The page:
First test is to (stop and) start my fake xmlrpc server with the response file I want and confirm it's alive. Hmmm. RPC::XML t/* tests do lots of that so let's steal/borrow some code. Hmmm. Net is down (firewall machine again probably). minicpan to the rescue. Minicpan has saved my bacon so many times I've lost count...
Well that was relatively painless. Randy J Ray writes nice clean intelligible Perl code. My script loads an RPC::XML::Server with the canned methods and forks it to a background process then gets a page from my web app to confirm the xmlrpc server is running correctly.
Now comes the fun. I hate HTML scraping but if I have to do it, I really like to use XML::LibXML. Aside from being very fast at parsing (which isn't important for this app), I can use XPath notation to navigate the DOM tree and, even better, there's xsh to let me try out my XPaths interactively. Yes it's possible to read the HTML code and keep track of how many levels of table/tr/td you are down by hand but why waste hours when with xsh you can do this in minutes.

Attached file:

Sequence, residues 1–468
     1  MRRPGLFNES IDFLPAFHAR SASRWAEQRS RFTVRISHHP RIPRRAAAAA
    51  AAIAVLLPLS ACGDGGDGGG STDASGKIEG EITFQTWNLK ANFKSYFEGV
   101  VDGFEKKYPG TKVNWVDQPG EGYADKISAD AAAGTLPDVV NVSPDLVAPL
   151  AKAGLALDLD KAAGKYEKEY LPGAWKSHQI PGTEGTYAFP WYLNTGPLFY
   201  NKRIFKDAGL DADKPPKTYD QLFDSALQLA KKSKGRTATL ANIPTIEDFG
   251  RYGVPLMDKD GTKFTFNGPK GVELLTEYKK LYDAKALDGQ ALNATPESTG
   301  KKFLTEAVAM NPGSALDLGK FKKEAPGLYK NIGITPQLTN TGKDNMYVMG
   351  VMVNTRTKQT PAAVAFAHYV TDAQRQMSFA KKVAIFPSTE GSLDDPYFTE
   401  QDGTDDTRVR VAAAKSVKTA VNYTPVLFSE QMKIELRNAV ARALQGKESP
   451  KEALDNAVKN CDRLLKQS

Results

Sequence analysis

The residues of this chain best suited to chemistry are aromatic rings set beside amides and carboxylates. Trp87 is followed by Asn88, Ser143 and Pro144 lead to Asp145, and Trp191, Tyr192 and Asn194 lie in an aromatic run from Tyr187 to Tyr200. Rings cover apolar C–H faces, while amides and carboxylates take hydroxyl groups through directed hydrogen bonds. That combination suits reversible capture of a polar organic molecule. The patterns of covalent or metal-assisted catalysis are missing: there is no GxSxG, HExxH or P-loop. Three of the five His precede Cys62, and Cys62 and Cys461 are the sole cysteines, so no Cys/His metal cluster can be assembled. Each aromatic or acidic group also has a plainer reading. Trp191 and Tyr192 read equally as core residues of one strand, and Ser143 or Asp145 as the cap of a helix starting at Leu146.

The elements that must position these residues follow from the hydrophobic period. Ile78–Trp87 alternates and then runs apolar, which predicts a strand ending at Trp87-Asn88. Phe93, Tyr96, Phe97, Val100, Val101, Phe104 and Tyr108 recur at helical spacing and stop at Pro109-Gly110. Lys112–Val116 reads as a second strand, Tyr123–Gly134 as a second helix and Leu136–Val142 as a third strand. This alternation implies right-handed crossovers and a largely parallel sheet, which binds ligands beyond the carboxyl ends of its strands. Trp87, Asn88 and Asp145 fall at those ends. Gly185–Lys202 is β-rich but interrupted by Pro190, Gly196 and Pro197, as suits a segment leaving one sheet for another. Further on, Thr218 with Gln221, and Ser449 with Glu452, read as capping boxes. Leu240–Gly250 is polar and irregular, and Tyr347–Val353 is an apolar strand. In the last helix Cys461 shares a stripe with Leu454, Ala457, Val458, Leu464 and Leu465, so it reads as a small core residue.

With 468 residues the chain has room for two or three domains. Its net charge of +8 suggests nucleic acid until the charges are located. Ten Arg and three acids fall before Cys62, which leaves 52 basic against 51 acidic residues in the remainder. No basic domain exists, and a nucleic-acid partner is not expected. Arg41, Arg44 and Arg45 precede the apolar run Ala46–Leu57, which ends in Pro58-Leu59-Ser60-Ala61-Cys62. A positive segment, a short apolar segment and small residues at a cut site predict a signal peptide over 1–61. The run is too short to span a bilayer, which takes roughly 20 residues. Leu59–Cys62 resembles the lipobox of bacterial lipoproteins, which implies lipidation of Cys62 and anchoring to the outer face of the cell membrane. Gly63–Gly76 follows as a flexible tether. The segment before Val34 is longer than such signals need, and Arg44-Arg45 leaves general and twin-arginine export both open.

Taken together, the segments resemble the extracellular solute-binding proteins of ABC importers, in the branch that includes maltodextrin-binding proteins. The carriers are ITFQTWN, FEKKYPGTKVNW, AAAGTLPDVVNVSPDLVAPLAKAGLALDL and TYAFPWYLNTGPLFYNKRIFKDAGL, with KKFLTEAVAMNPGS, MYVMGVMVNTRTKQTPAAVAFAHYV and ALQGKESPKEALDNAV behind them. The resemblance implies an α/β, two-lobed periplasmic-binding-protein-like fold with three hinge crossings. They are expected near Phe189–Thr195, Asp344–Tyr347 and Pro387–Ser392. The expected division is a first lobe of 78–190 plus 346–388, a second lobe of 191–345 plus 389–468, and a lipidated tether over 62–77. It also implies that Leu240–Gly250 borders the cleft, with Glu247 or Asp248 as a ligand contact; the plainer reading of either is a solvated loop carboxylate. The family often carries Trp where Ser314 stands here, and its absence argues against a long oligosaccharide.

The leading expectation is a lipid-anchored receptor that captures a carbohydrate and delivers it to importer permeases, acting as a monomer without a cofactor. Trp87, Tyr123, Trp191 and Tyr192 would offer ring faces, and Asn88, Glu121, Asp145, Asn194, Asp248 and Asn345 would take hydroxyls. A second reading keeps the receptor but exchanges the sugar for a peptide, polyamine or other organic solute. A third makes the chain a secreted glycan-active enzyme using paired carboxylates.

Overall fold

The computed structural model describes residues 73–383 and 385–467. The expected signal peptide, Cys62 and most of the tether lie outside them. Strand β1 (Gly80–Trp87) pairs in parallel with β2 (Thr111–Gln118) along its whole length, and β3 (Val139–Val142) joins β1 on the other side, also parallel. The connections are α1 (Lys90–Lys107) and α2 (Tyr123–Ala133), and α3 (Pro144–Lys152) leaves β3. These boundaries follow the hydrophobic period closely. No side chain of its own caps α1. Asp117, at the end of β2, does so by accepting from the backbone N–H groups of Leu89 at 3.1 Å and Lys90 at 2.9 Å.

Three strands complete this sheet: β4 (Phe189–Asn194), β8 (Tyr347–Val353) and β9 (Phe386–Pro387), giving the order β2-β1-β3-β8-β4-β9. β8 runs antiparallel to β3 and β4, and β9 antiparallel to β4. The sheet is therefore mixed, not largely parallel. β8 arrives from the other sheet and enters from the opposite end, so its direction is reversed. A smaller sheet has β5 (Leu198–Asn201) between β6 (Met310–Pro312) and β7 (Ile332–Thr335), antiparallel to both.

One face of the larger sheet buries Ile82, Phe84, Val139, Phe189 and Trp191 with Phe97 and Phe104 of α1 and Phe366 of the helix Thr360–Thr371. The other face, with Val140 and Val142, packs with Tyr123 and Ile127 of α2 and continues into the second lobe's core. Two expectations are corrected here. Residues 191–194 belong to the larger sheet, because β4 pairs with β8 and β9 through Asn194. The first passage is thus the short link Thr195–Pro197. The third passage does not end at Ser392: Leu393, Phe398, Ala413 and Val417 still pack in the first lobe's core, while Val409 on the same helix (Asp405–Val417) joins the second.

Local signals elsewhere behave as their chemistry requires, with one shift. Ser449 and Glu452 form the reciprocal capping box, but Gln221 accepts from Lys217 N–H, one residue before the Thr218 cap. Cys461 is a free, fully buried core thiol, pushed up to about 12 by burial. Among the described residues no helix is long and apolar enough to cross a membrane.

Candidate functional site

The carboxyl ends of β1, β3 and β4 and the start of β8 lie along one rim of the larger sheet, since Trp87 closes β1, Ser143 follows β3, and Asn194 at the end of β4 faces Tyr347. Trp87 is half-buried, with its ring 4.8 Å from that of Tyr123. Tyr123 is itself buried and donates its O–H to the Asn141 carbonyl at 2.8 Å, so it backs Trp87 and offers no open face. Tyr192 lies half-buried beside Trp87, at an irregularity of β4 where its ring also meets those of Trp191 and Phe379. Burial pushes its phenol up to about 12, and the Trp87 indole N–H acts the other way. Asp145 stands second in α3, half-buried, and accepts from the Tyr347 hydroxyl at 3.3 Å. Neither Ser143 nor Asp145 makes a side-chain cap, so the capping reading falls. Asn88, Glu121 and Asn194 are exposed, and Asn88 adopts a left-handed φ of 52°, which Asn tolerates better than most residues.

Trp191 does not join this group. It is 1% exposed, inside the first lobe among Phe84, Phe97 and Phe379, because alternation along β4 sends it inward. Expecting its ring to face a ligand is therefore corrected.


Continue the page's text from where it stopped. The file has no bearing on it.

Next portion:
Ouch! A small problem. LibXML expects xhtml and crashes all over the place when I ask xsh to parse the HTML output of my webapp. Lucky(!) for me (another reason for choosing CGI::Application) I have moved all the HTML from the old webapp into HTML::Template templates. So it's really easy to rewrite it as xhtml using Vim. (I discovered after rewriting by hand that one of the options for tidy is --asxhtml. It outputs HTML as xhtml. Double d'oh!)
So now I've got clean xhtml output I can use xsh to navigate through the parsed tree and find the fields I expect to see in the page if the webapp is working correctly. The first one I want has an XPath of
thanks to xsh. Glad I didn't have to work that one out by hand. It's a link to expand the tree. So I'll use WWW::Mechanize to click the link and grab the response and verify it returned the required number of tables in the correct order with the correct contents. And then on to the next test...